Therefore it is essential for us to be attending to our own self-care. If we want to care of others during this time, we need to take care of ourselves too.

First in self-care is care for our bodies. Eating mostly healthy, nutritious food regularly. Drinking beverages without a lot of sugar or alcohol in moderate quantities. Exercising daily whether a morning stretching and movement routine, going for a walk, or going up and down stairs – something to keep the muscles active and the joints lubricated. Getting enough rest is also critical for wellbeing. I’m sure this isn’t new to anyone – but the reminder may be helpful to stimulate change away from unhealthy habits.

One of the most helpful ways to deal with the stress of uncertainty is having a daily routine. Having a morning hygiene routine and morning meal and an evening routine before sleep can help start and end the day in a more centered and peaceful way.

As important for our wellbeing as physical health is our mental health. Overwhelming our emotional brain centers with endless media about the virus isn’t good for us. We should balance our media intake with more positive and comforting stimulation. The rebirth of spring in flower and leaf is a wonderful antidote to too many stories about suffering and death. The projection of our anxiety and fear into the future undermines our positive engagement with what is right in front of us. Breaking things into small steps that can be acted on immediately keeps us from obsessing about the “what ifs” that are endless.

Connect with your support network. We all need a sense of connection with others, be it neighbors, friends, co-workers, family and volunteer organizations. We need to gather people around us who are good listeners and supporters, people who will not react and judge. People who can be there for you if you do get sick.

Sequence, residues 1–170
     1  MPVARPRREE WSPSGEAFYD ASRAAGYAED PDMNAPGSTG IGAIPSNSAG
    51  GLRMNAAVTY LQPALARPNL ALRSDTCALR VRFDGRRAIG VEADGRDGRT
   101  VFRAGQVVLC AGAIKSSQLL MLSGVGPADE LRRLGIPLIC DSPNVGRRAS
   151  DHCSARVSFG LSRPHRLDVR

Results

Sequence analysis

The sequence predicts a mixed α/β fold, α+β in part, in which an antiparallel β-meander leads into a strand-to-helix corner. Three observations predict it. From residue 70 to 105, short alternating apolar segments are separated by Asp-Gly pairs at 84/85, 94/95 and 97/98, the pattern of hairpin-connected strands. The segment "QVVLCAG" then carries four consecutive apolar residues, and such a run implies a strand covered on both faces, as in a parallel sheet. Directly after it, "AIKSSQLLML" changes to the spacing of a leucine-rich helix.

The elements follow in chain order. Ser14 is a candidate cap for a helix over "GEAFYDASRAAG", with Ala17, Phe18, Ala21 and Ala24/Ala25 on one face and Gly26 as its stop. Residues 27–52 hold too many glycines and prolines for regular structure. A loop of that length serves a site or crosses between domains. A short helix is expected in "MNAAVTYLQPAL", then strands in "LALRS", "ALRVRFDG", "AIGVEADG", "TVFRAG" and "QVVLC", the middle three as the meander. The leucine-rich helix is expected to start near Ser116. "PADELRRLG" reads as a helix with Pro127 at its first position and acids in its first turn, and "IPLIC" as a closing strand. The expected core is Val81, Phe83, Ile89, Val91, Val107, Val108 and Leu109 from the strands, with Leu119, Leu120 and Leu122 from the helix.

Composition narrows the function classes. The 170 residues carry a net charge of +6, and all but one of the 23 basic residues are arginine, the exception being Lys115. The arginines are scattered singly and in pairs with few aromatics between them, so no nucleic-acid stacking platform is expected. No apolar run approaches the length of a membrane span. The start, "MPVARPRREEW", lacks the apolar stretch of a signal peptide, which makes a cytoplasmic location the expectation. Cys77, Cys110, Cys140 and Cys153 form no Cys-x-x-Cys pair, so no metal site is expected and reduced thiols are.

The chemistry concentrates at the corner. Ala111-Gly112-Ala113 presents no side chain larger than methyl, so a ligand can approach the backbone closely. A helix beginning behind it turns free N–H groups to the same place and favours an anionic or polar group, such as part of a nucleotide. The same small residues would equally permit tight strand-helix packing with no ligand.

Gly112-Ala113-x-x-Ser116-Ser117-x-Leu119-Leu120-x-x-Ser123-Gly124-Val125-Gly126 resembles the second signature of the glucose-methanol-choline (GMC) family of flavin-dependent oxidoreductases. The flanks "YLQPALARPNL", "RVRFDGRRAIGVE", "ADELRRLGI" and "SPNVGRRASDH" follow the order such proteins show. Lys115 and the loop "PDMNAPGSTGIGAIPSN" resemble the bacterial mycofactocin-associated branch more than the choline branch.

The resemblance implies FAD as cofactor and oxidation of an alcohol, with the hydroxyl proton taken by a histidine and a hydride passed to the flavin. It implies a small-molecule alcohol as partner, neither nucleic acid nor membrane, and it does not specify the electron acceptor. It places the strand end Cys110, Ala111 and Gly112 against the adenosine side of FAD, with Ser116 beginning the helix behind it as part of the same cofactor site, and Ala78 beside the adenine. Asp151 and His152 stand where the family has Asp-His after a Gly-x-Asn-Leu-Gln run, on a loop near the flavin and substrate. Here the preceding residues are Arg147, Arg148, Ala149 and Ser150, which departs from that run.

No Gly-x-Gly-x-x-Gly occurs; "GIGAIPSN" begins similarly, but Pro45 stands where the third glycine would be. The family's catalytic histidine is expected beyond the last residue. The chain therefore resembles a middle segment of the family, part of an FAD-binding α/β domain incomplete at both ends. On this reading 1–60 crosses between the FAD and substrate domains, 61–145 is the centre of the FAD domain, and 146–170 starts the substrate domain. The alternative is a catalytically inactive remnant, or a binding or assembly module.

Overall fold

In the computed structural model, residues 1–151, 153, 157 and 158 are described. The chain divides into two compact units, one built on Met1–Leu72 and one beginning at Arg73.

That is one important role our congregation offers. And not just as a place to support us. It is also a place we can offer support. This kind of a network is a two-way street. It is validating to help others and it is necessary to get that support when we are in need. Our Caring Network is a place that offers that kind of comfort and support. Contact Todd Thomas, the coordinator, if you’d like to help out or are in need of help.

Finally, get a little more sleep that you need. Rest is critical to build our resiliency when we are under stress. Paradoxically the hardest time to sleep is when the stress hormones are coursing through our blood. A bedtime routine can be of great help. Turing screens off 1 hour before bed. Listening to enjoyable music. Reading pleasant light material. Writing someone a note of support and care. Listening to a meditation podcast. All these can make a difference.

I’m sad to say we are in for a long slog with this virus. We need to adapt our lifestyle for the duration. The new normal will be quite different from the old normal … but if it means fewer of us get sick, are permanently harmed or die, then let’s make the best of it.

Rev. Sam